Dave Obee       Local History / Family History

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dave obee Sakura in Stone: Victoria's Japanese Legacy
By Gordon and Ann-Lee Switzer
Ti-Jean Press, 102 pp., $14.95

Watershed Moments: A Pictorial History of Courtenay and District
By Christine Dickinson, Deborah Griffiths, Judy Hagen and Catherine Siba
Harbour, 224 pp., $34.95

Our Whole Bamfield Saga: Pioneer Life on Vancouver Island's West Coast
By Judith Phillips
Self-published, 189 pp., $40

Reviewed by Dave Obee

Local history books help us to understand the stories of our communities and how they have come to be the way that they are today. These three books do that, in different ways.

Sakura in Stone is a small book that looks at a small community: the Japanese presence in Victoria. This, the second book on the topic by Gordon and Ann-Lee Switzer, expands and illuminates the material in their first book, 2012's Gateway to Promise.

The history of the Japanese legacy here is straightforward and sad. The first people from Japan arrived in 1884, and over the years the Japanese-Canadian community became a highly respected part of life in Victoria. Our beautiful colourful sakura trees are a lasting tribute to our neighbours from Japan.

The outbreak of the war in the Pacific changed everything. After a 1942 government order, Japanese Canadians were not allowed within 100 miles of the coast, so they were taken away, and most of their property

taken from them. None of the Japanese Canadians here at the start of the war returned, and Victoria was poorer for that.

Along with the basic history, the Switzers write of the first Japanese person in Victoria. They have also included a substantial section on the Japanese Canadians who are buried in Ross Bay Cemetery.

Watershed Moments is a spectacular collection of photographs from the early days of Courtenay, Comox, Cumberland, Forbidden Plateau, Goose Spit, Merville, Royston and Union Bay - basically the communities within the watershed of the Courtenay River. This book offers a sample of the finest images in the Courtenay and District Museum, from the late 1800s to the present day. Many of the photographs have never been published before, so Watershed Moments offers something fresh and different for all readers.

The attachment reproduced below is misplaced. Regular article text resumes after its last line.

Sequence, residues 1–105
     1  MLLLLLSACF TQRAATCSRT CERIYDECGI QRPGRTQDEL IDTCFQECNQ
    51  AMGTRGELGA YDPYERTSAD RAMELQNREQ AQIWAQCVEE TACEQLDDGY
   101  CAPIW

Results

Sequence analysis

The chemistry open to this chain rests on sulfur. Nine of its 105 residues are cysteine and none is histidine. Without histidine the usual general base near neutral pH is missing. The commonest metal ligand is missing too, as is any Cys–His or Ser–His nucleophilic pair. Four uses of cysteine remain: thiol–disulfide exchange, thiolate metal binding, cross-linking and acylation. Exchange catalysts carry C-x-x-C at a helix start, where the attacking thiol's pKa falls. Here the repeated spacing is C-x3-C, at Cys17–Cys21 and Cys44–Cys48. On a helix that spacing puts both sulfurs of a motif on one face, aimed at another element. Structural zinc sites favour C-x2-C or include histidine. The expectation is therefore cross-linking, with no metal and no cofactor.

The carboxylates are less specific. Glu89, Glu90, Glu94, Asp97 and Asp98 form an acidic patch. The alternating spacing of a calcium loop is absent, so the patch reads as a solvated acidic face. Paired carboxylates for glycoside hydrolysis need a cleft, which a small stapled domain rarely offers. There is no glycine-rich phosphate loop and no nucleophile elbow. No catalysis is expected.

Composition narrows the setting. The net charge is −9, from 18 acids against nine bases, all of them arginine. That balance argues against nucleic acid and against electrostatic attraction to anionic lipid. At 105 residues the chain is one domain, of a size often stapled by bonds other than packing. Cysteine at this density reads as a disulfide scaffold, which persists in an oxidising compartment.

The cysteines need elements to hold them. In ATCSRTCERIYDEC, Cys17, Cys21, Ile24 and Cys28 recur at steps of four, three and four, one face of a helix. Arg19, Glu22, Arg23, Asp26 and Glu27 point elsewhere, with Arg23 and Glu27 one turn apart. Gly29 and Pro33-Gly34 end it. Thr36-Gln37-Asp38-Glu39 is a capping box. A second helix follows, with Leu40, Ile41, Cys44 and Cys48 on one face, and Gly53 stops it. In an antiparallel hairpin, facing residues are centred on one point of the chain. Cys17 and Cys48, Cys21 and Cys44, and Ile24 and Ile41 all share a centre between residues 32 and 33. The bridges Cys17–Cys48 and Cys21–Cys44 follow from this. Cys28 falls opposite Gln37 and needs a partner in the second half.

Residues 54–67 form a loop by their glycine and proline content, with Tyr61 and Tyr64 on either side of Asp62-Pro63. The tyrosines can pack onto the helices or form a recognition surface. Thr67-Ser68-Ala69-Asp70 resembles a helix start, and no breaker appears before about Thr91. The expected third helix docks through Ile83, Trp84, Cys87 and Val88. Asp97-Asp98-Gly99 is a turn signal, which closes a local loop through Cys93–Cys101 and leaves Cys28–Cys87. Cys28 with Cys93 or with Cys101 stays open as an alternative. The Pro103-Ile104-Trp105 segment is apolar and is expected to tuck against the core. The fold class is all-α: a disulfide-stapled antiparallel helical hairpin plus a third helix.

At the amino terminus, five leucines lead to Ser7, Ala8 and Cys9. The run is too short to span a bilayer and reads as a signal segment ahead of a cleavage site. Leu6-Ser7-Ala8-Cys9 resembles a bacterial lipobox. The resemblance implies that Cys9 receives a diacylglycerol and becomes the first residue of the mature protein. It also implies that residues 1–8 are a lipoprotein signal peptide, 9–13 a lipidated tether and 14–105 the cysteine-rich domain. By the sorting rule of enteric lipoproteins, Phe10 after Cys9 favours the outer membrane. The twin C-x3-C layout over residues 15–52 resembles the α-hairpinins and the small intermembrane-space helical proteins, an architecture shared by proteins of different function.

The quality of the photographs is remarkable. The words, from four writers who share a keen interest in local history, help to tie everything together.

Our Whole Bamfield Saga by Judith Phillips is part family history and part community history, but that makes sense. Bamfield is, and was, a small place, so anyone who was there for very long was considered part of the family.

Besides, Phillips has family connections that give her added insight into the history of Bamfield. A couple of simple family trees at the start of the book help guide the reader into the stories, which include letters - love letters, in fact - and extensive interviews. It's all brought together by Phillips, and richly illustrated with photographs, maps and reproductions of documents. She has included enough context that her story is easy to understand and appreciate. She talks of the First World War, of Belgium, of the coastal steamer service, of early Victoria, and much more.

The book is an enjoyable read, and you don't need to be from Bamfield to appreciate the story.

This review was published in the Times Colonist on January 17, 2016


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